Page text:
I am using the ABOD method to identify multi-dimensional outliers in my data. Everything is done in R as I am not familiar with other languages for such purposes.

I use a function that calculates the outlier degree and gives me a vector that contains the scores of all my observations. In theory any observation with a low ABOD is an outlier and any observation with a high ABOD is not an outlier.

I am struggling with determining the interval that I should use as my filter. Do you have any suggestions?

Note: I have thought about using a robust version of Tukey's method for detecting outliers (i will apply it on the ABOD scores and see if there are any extremes according to it). Is that a sensible solution to my problem?

My question is strictly theoretical: I do not want a practical solution for it as CV is not the place for that. I only want to check if I am doing something sensible and if it can have useful results.

  • 1
    $\begingroup$ The definition of an "outlier" will vary depending on the application. Since your question is "theoretical", my suggestion would be to create some benchmark problems where you can simulate data with known outliers vs. inliers. Then you can test various formulations of your outlier detection (and do training/cross-validation of your hyperparameters). The benchmark-data would depend on your target application, of course. (Perhaps this reference may be relevant, though I have not read it.) $\endgroup$ – GeoMatt22 Dec 6 '16 at 16:11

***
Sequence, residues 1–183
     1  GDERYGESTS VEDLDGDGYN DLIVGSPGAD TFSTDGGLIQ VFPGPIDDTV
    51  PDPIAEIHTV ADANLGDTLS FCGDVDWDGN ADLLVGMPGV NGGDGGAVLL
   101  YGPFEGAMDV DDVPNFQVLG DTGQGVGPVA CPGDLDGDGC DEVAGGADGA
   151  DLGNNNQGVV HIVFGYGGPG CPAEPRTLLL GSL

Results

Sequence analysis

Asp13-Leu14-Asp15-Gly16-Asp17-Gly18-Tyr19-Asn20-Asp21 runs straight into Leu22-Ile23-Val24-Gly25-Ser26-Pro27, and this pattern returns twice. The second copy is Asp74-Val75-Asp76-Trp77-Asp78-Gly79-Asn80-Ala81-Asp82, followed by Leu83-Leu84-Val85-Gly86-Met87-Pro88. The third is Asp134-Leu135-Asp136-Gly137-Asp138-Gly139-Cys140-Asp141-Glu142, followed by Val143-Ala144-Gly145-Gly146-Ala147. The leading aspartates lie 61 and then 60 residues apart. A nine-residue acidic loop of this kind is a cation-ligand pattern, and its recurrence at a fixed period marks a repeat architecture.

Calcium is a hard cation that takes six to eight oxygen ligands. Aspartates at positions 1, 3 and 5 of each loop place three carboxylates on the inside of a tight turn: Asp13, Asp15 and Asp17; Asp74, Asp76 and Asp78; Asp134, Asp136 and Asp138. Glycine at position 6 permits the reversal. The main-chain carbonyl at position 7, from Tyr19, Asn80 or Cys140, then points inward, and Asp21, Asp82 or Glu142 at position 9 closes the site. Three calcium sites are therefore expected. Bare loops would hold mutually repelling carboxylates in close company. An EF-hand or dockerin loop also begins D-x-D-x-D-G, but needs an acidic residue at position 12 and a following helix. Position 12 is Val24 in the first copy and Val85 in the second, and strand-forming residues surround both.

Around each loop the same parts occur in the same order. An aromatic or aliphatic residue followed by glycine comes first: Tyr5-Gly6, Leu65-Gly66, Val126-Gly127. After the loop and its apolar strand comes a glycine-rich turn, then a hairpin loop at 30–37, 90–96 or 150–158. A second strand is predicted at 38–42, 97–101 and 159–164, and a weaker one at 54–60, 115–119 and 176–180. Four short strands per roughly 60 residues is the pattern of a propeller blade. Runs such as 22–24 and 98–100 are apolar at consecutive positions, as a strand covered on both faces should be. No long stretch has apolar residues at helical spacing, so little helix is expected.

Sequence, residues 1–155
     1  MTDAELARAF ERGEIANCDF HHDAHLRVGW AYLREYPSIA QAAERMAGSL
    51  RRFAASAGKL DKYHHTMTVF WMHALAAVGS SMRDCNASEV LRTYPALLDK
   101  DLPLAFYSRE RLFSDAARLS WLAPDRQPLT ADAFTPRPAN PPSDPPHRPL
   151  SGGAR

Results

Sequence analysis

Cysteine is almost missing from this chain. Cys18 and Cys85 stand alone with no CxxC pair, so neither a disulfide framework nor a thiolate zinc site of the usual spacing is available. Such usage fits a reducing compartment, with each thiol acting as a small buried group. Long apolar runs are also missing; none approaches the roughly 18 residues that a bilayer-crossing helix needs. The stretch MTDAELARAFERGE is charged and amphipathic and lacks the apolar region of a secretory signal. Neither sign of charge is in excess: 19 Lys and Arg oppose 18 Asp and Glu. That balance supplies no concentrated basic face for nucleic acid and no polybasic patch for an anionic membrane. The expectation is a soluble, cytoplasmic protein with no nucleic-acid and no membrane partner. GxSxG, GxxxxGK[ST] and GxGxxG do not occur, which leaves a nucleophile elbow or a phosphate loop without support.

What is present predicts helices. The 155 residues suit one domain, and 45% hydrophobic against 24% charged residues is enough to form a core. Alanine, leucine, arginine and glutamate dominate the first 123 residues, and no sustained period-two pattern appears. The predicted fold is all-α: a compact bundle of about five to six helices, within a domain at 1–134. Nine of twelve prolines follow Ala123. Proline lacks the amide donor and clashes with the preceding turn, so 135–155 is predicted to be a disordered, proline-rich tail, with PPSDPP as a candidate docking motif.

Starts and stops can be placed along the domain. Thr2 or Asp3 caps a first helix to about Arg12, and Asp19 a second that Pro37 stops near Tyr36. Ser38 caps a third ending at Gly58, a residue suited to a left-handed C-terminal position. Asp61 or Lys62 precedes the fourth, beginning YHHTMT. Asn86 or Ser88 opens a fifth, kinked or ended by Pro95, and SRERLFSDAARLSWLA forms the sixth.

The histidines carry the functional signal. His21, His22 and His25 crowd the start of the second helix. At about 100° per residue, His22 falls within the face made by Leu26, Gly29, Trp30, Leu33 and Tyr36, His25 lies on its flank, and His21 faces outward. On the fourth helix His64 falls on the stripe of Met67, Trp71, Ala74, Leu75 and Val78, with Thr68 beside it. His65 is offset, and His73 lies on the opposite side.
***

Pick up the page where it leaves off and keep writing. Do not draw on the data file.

• 1
    $\begingroup$ "I do not want a practical solution for it as CV is not the place for that." I (most of us) love practical solutions. If you mean that you are not asking for code, fair enough; otherwise this comment is curious! $\endgroup$ – Nick Cox Dec 6 '16 at 17:08
  • $\begingroup$ Keep in mind that multivariate outliers have an added issue; the direction to define an outlier. $\endgroup$ – Michael Chernick Dec 6 '16 at 23:46
  • $\begingroup$ I used the influence function for bivariate correlation in some of my work at ORNL in the late 1970s. That defines a direction to use when you are concerned with using data to estimate bivariate correlation. This is given in my published paper in the American Journal of Mathematical and Management Sciences in the early 1980s. My work was motivated by an unpublished paper of Colin Mallows and Gnanadesikan's multivariate book. $\endgroup$ – Michael Chernick Dec 6 '16 at 23:56
  • $\begingroup$ @Nick Cox Well i mean that i am not asking for code and because people on this website like to assume things and my questions get flagged frequently for various reasons including "you should post your question elsewhere". $\endgroup$ – Emil Filipov Dec 7 '16 at 7:04

Your Answer

By clicking “Post Your Answer”, you agree to our terms of service, privacy policy and cookie policy

Browse other questions tagged or ask your own question.